How A Vancouver Comic Turned Vancouver Producer

by | Nov 6, 2020 | Comedian Profile

I wake up at whatever ungodly hour my brain decides to remember something. 

“Remember to pack the hand sanitizer and pick up more Lysol wipes on the way,” my brain says, the latest details when producing events in the time of Covid-19. Afterwards, I feel my mind try to pull me into the trap of “what else am I forgetting?” 

Nina Wilder Comedian

One of the most important things I’ve learned when producing any event: always make lists before bed. Write down every single thing in your head that you think you have to do, should do, and maybe-won’t-do-but-it-sounds-like-a-good-idea-so-may-as-well-add-it.

Not everyone thinks about details and, in fact, as a comedian and performer, I find that this frame of mind interferes with my creativity, which causes me constant tension between me as “producer” and me as “artist”. 😕

Originally, all I wanted to do was perform, but waiting around for opportunities to do that was taking forever so I pulled up my bootstraps and created my own. It’s not uncommon for artists to suddenly become their own managers and job-makers. In fact, it’s what this new gig economy demands. 

When being creative, people describe it as being in a state of “flow”. I’ve experienced this with acting and writing. It’s when you’re able to focus on something and then allow your thoughts to flow seamlessly, from one idea to the next, without any “outside interference”.

By that I mean, judgements about what you’re doing, things going on in other areas of your life, or… details you need to remember because you forgot to buy more Lysol wipes. 🧼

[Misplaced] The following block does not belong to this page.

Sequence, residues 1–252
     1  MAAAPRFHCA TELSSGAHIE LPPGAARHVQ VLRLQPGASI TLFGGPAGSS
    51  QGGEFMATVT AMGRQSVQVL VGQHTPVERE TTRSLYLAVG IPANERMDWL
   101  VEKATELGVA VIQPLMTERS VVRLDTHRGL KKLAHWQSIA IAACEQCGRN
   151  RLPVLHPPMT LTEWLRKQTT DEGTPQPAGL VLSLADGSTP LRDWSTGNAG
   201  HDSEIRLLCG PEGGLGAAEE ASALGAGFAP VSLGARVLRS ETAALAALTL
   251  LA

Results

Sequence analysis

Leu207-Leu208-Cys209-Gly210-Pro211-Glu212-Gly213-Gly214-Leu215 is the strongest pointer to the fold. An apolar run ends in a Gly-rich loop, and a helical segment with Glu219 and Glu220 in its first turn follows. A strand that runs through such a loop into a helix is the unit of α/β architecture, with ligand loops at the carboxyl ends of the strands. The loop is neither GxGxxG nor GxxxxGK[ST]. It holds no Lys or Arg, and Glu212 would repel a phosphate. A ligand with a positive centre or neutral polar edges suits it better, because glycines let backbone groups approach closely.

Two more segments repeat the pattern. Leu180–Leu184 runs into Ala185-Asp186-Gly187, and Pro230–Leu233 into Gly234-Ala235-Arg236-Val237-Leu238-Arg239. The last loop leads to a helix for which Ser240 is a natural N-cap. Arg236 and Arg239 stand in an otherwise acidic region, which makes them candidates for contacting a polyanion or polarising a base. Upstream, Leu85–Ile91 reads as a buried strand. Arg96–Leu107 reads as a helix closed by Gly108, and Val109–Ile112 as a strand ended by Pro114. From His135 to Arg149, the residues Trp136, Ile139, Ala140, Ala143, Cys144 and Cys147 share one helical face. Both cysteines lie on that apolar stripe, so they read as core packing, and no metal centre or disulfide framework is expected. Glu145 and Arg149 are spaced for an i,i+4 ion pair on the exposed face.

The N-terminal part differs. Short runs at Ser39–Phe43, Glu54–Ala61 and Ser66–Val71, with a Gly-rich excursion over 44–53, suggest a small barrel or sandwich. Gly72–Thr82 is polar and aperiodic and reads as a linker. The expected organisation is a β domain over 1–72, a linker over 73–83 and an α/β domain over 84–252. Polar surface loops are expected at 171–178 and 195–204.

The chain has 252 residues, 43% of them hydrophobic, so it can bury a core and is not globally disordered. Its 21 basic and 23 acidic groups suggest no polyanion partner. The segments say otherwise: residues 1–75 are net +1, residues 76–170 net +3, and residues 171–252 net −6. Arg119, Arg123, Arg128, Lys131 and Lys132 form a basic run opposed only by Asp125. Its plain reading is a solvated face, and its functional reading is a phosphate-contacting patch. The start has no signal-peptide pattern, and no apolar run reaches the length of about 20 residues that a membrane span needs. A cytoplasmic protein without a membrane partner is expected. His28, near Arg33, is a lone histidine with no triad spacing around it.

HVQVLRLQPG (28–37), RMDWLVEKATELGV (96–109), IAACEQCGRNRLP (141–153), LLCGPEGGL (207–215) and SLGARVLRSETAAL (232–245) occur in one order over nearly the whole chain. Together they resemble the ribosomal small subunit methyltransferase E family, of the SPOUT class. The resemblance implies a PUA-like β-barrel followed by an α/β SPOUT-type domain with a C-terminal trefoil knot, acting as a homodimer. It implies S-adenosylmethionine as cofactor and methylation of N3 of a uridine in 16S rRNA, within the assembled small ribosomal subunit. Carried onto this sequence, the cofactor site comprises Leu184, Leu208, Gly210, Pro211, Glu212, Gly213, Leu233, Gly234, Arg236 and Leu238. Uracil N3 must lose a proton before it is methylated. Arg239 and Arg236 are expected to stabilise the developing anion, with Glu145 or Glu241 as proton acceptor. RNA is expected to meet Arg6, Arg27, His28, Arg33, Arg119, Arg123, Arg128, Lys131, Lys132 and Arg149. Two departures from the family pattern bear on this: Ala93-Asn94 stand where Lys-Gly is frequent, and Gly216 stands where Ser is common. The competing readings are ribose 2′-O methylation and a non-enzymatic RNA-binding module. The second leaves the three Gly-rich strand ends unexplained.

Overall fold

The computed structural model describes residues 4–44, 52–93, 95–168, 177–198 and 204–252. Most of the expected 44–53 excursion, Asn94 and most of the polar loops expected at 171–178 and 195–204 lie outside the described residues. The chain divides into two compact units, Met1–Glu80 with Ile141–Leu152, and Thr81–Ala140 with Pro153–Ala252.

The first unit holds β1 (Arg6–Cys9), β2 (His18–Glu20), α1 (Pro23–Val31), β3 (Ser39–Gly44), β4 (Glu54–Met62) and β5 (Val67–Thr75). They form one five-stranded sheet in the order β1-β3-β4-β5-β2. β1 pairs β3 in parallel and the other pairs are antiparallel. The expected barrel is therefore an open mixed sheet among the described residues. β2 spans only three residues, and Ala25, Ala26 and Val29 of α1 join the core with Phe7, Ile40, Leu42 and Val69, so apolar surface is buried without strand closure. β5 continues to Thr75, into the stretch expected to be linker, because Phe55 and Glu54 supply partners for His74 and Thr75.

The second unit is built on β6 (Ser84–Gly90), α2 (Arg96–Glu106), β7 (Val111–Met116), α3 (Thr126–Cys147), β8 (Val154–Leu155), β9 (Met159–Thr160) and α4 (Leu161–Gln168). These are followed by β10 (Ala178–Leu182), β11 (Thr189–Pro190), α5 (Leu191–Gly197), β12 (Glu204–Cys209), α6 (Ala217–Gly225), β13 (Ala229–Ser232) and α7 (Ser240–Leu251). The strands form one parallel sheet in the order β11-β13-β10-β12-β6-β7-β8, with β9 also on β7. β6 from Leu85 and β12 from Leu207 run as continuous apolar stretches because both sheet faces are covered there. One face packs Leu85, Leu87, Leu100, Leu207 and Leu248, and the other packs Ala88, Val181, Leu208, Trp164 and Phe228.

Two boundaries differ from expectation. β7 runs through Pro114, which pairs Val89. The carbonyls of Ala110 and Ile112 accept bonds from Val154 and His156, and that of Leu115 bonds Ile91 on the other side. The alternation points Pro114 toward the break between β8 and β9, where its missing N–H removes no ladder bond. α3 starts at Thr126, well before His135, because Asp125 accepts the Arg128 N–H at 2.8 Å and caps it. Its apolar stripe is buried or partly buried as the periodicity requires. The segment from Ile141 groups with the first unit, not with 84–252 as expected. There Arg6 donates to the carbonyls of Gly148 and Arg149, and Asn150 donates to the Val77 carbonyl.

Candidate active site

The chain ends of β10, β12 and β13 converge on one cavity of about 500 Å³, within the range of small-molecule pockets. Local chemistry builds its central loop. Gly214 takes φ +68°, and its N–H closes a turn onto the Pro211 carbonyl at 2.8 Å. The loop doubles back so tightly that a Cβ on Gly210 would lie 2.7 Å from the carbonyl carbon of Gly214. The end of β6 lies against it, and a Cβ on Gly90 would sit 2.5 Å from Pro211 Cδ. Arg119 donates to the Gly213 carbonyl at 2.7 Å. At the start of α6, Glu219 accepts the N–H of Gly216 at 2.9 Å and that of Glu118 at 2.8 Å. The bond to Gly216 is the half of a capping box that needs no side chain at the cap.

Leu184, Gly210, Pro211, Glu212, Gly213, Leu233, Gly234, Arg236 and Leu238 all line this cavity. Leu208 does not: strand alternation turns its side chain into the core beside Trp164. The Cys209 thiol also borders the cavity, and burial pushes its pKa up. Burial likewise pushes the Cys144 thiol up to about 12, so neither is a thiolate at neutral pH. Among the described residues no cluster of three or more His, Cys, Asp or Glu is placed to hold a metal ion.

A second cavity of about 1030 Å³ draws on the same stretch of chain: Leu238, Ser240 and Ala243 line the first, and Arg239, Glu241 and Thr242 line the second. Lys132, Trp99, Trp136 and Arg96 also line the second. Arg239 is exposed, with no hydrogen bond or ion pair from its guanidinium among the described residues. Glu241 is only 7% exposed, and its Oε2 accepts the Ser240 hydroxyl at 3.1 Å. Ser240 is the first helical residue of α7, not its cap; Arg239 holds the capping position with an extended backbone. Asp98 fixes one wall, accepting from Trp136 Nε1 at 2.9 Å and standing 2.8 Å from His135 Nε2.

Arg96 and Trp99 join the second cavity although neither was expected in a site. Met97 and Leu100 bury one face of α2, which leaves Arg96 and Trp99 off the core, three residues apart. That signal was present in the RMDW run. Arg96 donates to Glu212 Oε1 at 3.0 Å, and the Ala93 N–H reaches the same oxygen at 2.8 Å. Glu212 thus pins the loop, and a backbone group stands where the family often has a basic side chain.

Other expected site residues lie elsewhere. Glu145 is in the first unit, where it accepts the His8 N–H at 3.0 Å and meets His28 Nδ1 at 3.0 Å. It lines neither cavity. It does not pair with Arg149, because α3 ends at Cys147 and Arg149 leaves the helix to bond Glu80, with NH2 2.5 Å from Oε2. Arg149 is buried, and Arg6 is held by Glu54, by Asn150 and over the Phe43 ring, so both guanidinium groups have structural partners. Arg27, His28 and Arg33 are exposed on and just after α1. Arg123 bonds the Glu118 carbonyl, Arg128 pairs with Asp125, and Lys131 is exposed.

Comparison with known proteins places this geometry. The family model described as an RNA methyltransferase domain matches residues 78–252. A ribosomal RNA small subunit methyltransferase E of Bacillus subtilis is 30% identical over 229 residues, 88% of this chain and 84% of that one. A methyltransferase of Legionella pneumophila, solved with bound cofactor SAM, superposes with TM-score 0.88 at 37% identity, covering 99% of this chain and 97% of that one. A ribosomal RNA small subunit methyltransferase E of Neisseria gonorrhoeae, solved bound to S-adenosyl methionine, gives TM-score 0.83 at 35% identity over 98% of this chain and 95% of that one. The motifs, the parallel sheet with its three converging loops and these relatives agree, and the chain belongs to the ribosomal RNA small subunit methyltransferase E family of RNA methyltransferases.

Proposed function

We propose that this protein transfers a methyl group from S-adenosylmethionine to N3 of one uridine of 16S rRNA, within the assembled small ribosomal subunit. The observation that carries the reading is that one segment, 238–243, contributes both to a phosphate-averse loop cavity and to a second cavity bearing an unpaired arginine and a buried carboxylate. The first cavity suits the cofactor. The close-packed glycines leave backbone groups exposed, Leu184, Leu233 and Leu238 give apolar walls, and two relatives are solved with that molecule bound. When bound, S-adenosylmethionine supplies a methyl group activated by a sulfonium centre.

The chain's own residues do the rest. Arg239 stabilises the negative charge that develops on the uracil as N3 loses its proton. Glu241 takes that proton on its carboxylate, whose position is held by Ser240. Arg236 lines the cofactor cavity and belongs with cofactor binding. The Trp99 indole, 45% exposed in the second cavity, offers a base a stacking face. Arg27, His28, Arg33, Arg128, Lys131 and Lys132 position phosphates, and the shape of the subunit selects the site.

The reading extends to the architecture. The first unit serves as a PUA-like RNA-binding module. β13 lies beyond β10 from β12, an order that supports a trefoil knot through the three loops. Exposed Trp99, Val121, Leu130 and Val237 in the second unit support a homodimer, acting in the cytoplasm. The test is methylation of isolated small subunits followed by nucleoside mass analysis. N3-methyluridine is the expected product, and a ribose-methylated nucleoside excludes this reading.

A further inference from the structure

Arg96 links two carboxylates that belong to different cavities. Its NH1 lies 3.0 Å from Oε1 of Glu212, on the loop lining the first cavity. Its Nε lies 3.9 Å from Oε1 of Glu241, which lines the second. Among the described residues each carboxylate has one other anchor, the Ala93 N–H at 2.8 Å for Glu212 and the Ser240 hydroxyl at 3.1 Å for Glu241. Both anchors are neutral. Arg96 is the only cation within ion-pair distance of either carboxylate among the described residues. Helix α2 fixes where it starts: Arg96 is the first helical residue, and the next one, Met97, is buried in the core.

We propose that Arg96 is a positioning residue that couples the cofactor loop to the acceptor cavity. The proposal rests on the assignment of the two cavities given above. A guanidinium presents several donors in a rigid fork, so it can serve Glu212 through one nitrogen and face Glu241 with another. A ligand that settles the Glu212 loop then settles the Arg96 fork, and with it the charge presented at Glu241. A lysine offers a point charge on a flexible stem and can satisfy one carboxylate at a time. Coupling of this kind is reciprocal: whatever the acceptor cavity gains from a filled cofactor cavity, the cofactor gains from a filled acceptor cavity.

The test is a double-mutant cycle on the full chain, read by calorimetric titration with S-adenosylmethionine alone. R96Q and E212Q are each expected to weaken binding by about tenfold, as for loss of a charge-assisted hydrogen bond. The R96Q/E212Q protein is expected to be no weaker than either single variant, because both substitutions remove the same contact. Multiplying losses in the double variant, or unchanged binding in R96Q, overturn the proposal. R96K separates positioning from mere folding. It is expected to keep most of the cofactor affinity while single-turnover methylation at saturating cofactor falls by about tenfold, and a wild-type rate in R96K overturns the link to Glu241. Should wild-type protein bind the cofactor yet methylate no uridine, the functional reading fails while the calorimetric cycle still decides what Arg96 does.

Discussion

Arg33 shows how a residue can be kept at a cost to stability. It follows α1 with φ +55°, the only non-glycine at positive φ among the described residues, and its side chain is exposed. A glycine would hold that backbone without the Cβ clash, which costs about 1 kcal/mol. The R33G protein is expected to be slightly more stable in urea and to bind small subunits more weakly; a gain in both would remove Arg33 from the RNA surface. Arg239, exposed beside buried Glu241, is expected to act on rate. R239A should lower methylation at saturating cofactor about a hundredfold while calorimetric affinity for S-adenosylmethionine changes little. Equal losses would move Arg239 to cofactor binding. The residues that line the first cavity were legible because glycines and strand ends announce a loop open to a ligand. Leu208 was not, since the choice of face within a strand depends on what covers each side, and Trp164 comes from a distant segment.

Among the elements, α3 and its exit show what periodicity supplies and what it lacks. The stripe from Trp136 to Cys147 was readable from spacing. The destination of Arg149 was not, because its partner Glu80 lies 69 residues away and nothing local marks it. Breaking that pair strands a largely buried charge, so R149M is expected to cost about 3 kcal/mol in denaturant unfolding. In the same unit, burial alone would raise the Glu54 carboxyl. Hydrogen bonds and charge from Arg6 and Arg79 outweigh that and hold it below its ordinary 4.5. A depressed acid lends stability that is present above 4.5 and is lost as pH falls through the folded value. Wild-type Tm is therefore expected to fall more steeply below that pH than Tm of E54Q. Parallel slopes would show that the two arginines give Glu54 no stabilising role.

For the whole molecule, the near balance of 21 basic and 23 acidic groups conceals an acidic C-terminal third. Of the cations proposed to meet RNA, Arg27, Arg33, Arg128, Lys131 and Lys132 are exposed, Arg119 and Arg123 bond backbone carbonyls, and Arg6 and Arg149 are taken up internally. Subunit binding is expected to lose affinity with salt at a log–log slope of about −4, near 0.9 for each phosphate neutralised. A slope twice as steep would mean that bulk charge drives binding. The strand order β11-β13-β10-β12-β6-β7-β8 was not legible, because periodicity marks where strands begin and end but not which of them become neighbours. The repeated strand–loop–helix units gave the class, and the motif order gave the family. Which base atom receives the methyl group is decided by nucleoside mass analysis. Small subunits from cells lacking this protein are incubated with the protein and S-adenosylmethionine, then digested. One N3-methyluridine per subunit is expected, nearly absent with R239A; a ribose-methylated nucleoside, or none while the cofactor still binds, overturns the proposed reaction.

See what I’m saying? As I sit here and write this – admittedly at 3:45AM – I fight hard to keep my focus on this piece of writing as other thoughts knock on my door: “Did you message that person?”, “Don’t forget to pack your hair straightener”, “Oh! Someone messaged you on Facebook!”. 

Okay, the last one has nothing to do with producing. But, once you’re used to being distracted, it almost becomes an addiction. 

What I am slowly realizing though is that producing, in it’s own way, can be a creative outlet if you do it right.

I started producing shows the summer after I started getting into performing stand-up. At the first show that I had ever produced I decided that I would perform as a host (what a mistake!) and then hire the rest of the entertainment.

Having never produced before, and not knowing ANYTHING about what I might need, I did something interesting: I planned it via my imagination. It was the same sort of headspace I was used to as a performer: I imagined the whole thing happening from start to finish. I saw the venue, I saw people arriving, and suddenly the lists of “to do’s” created themselves. 

“Oh, people are arriving…I’m going to need someone on door duty.” 

“Oh, they’ll need cash for a float.” 

“Oh, where will the comics sit before the show?” 

I write it all down, check it off one by one, and bam! I made a show that worked. 😃

Maybe it wasn’t the job that I really wanted to do at the end of the day (I just wanted to be on that damn stage but that was the LAST thing on my mind that night) but I have to say, I felt an immense gratification for a job well done. To see an event unfold, that I planned from scratch, without any major hiccups is truly satisfying. 

Perhaps at the end of the day, I appreciate that I had to become a producer as well. I’ve learned that I am able to do more than I thought I was capable of, and it fills my heart that I can create something that lends opportunities to my peers. 

I guess my only real wish is that the “end of the day” wasn’t… well, now 4:30AM. 

Where the heck is that damn list I made? 🤔

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